Blues You Can Use: Jack Bruce at the Crossroads (Part 2)

This month, we take another look at Jack Bruce’s work with the supergroup Cream, this time from the 2005 reunion concerts at the Royal Albert Hall.
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THIS MONTH, WE TAKE ANOTHER LOOK AT Jack Bruce’s work with the supergroup Cream, this time from the 2005 reunion concerts at the Royal Albert Hall. Last month we examined what Jack played behind Eric Clapton’s first two solo choruses on the Robert Johnson classic “Crossroads.” Taken from 1968’s live Wheels of Fire album, Bruce exhibited the fire and abandon that typified the trio’s hard-charging approach to the blues, and delineated the outer boundaries of what you could get away with in the idiom. This time, we investigate his playing on the same tune, in the same spot of the arrangement—under Clapton’s first two choruses of solo—but 37 years later.

While there is video of the group from its early years, I found it fascinating and instructional to watch Jack play this month’s example, as the 2005 concerts are well documented on film. There are several notable differences between the two performances of this song, one being the more relaxed tempo. In 1968, the track clocked in at 130 bpm, which seems frantic and wild compared to 2005’s more stately 120 bpm. At the slower tempo, the groove solidifies and gains weight—the power of raw youth supplanted by 37 years’ worth of life experience.

In contrast to the aerial attack launched from the very first note of the 1968 version, Jack focuses on more repetitive parts that anchor the feel, a more mature approach that is accompanied by a distinctly deeper tone. The sound of a Gibson EB-3 roaring through a Marshall stack was Bruce’s calling card in the late ’60s, and the face-ripping tone undoubtedly played a large role in the “lead bass” approach he was known for. For this portion of the reunion shows, Bruce played his fretless Warwick Thumb NT (which he acquired in 1986), through a massive Hartke rig with capabilities far beyond 1968 standards. Playing with a thicker texture, Jack’s less volatile playing suits the occasion and offers us a glimpse into how time can refine a player’s approach.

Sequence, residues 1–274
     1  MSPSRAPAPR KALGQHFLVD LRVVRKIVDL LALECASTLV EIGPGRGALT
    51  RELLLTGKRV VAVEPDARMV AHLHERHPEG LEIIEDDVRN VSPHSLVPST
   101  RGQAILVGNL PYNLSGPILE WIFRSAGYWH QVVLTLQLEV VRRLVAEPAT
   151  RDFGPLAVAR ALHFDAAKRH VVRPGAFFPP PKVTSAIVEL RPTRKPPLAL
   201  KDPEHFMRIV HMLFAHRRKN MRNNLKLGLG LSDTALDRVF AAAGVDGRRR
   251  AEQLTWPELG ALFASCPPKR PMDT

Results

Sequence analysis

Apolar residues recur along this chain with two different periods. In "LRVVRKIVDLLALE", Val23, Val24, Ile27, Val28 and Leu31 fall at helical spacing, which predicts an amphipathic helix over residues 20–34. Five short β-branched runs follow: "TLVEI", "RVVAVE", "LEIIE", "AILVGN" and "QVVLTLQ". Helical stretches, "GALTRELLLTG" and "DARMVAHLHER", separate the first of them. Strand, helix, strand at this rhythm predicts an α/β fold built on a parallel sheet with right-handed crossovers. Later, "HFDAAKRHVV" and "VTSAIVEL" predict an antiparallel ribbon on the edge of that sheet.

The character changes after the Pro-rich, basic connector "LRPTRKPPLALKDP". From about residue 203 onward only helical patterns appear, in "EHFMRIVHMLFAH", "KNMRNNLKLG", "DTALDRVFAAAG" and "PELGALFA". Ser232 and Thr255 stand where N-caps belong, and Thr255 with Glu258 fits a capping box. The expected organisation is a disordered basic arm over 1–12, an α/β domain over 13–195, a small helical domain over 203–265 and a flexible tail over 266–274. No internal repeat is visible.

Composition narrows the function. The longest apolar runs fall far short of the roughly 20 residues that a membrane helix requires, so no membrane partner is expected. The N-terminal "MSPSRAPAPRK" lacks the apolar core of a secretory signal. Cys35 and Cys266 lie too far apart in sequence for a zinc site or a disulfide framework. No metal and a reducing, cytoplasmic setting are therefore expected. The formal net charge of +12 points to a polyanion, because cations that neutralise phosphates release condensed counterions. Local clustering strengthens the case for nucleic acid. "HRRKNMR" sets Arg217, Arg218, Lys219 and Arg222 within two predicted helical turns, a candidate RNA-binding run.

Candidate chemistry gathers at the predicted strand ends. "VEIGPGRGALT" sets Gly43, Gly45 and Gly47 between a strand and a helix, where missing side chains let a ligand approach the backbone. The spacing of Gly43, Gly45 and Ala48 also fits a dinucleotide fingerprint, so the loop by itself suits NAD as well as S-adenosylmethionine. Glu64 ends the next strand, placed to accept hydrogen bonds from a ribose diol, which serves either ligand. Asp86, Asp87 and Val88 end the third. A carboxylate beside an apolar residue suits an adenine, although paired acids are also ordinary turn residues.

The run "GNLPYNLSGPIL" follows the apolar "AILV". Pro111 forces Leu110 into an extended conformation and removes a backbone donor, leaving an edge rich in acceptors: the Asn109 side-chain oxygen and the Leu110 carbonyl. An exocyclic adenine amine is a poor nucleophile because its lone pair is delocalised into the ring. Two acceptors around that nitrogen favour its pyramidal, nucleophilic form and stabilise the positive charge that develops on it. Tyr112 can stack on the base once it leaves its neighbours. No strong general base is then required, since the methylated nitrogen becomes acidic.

Example 1 is a reasonable approximation of Jack’s line through the first two choruses of guitar solo, and he opens up with a classic minor-pentatonic pattern that echoes the main guitar riff. Jack sticks to this hammer-filled lick for the bulk of the chorus, but he lets a little fur fly in bar 6 with a series of hammered 16th-notes between the octave and b7th of the IV chord. In bar 9, he lays out the E minor pentatonic scale over the V chord, starting and ending on the open E string; then he transposes it to D for the IV chord in bar 10. Jack consistently uses open strings as anchor points for this line, which hints at his roots as an upright bass player, and helps to keep his intonation perfect—no small feat when you’re playing fretless bass in a large concert setting. He closes out the first 12 bars with more of the main motif, carrying it into the second chorus, until he uses a time-honored walk-up to the IV chord in bar 17. Next, he pumps out two bars of a steady eighth-note box pattern (1–8–b7–5) that leads back to the main riff in bars 19-20, with a few extra hammers thrown in for good measure. Jack takes the E box shape down to D for the last V– IV cadence, but the final measures are obscured by a very forward drum fill—beware of Mr. Baker indeed!

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Contrasting these two performances involves more than simply looking at the notes played, the tempo, and the gear. The intervening 37-year span crammed dog-years’ worth of achievements, life-changing performances, hardships, triumphs, and survival for all three members of Cream. While these two recordings form a unique bracket in Jack Bruce’s career, neither was the terminus—I gave his pre- Cream work a brief look in my June ’13 column, and the fuzz-laden, 11/8 groove of “Drone” from his 2014 solo CD Silver Rails tells us that Mr. Bruce had no intention of leaving this Earth quietly. It is a sad fact that these days, our early rock heroes are a dying breed, and with the passing of Jack Bruce, the world has lost one of the great originals of the electric bass and one of the premier voices of rock & roll.



Ed “the Bass Whisperer” Friedland plays, writes, and teaches out of his bass base in Austin, Texas.


Cream, Royal Albert Hall London May 2-3-5-6, 2005 [2005, Reprise]